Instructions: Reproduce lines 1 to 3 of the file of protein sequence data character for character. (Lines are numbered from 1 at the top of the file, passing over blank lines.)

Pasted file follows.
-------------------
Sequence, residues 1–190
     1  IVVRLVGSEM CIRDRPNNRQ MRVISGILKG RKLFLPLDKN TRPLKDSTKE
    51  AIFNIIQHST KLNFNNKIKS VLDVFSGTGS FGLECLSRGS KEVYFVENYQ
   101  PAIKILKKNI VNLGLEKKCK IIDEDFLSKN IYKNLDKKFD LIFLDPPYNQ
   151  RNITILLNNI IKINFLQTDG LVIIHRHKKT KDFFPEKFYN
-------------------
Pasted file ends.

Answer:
Sequence, residues 1–190
     1  IVVRLVGSEM CIRDRPNNRQ MRVISGILKG RKLFLPLDKN TRPLKDSTKE
    51  AIFNIIQHST KLNFNNKIKS VLDVFSGTGS FGLECLSRGS KEVYFVENYQ